by Matt Papa
If we were honest, most of us would admit we wished our lives were set to a soundtrack written by Hans Zimmer — the most epic, romantic thing imaginable. But, alas, they are not. The soundtrack of most of our lives might be sprinkled occasionally with a few of those Hallmark movie-moments, but the rising melodic line for the majority of our days sounds something like what my 5 year old would compose on the piano. Chaotic. Out of tune. Wild. Frustrating. Painful. Sigh.
We all seem to be absolutely sure that a different or better circumstance would get us out of the mucked up trenches of life, and we would finally be . . . satisfied. But would we?
The Bible teaches that all our problems in life are fundamentally worship problems (and no, I don’t mean that “joyful noise” singing voice of yours). We repeatedly aim our hopes at something God has made, rather than God himself. We desperately grasp at the shadow instead of the substance, and we are miserable. Saint Augustine essentially taught that disordered loves make disordered lives. C.S. Lewis said, “Idols break the hearts of their worshippers.”
So what is it you worship? One way you can discover it is by looking at your emotions. One theologian said our emotions are like smoke from the fire of the altar of whatever true god we worship. So, for example, think about what makes you deeply angry. Or what makes you anxious. I heard a pastor say once, “Anxiety is the result of a collapsing god.” What makes you deeply sad, despairing? All of us face sadness, but we fall into despair when our greatest treasure is out of reach or has been taken from us.
So how do we change when we see that an idealized circumstance, such as “finding the one” or “the perfect, pain-free marriage,” has become an idol? We need to see something that transcends our circumstances. Well here it is:
“Your steadfast love is better than life” (Psalm 63:3).
Heard this before? But listen to the music: better than life. Isn’t this what you’ve been seeking? For your life to have the meaning, significance, pleasure and power it ought to have?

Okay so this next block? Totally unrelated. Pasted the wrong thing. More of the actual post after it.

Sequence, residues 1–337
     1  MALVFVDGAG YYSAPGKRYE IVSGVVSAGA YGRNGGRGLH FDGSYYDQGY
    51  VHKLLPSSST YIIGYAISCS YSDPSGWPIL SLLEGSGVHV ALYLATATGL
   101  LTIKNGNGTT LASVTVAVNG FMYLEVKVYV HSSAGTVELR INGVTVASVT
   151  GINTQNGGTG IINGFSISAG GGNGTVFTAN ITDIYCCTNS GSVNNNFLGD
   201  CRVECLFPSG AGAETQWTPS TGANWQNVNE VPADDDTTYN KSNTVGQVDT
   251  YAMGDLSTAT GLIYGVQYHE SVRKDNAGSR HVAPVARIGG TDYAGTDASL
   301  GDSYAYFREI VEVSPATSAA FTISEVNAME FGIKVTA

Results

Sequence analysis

This is the music: the love of God for you. This is what “redirects” our worship. The Gospel. Because in the Gospel we see a God who pursues us to the very point of death, and by that death purchases for us the treasures — the infinite riches — of forgiveness, redemption, righteousness and an eternal inheritance.
“Your steadfast love is better than life.”
In the Gospel we see a God who left the music of heaven — the greatest circumstance — to get down in our mundane mess and worse. He willingly came to be mocked, scorned and slaughtered. And He did it without a “Passion of the Christ” movie score underneath Him. Shouts.
“Your steadfast love is better than life.”
Hear the music: This means that the love of God is better than any of the ups and downs of your life. It is better than the best circumstances so you don’t become prideful in those. And it’s better than your most feared circumstance so you don’t become despairing in those.
“Better than life.”
Circumstances will change, by definition. But…
“Your steadfast love.”
Steadfast. Better than life.
Do you believe it today? If you do, you will begin to believe these words of Charles Spurgeon: “Remember this, had any other condition been better for you than the one in which you are, divine love would have put you there.”
This just might change your life, or it might be the most redundant thing you’ve ever heard, but if you’re like me, you need to hear it every day:
The respect of my boss won’t satisfy me.
More money won’t satisfy me.
Marriage won’t satisfy me.
Getting out of my marriage won’t satisfy me.
Fame gone viral won’t satisfy me.
Christ alone. Christ alone can satisfy.
By abiding in God’s love for you, not only do you get a treasure that is “better than life,” but you become bigger than life. You cut through the difficult seasons, and you give thanks through bountiful ones. You become more. But first? First you have to become less. You have to let go of your entitlement and your idea of what happiness is (which is easier to read than do), and you have to trust God. He made you. He loves you. He knows.
When we worship God first, we finally start to hear that sweeping, captivating music sung by the Great Composer himself. Hear Him whisper to your soul today, “I have set My love on you.”
Hear Him groan from the cross: “It is finished,” and your soul will finally sing, “It is well.”
Matt Papa is a minister and recording artist based out of Raleigh, N.C., where he lives with his wife, Lauren, and three daughters. He serves on staff as a worship leader at The Summit Church in Durham and is finishing a master’s degree at Southeastern Seminary. He is the author of Look & Live: Behold the Soul-Thrilling, Sin-Destroying Glory of Christ.
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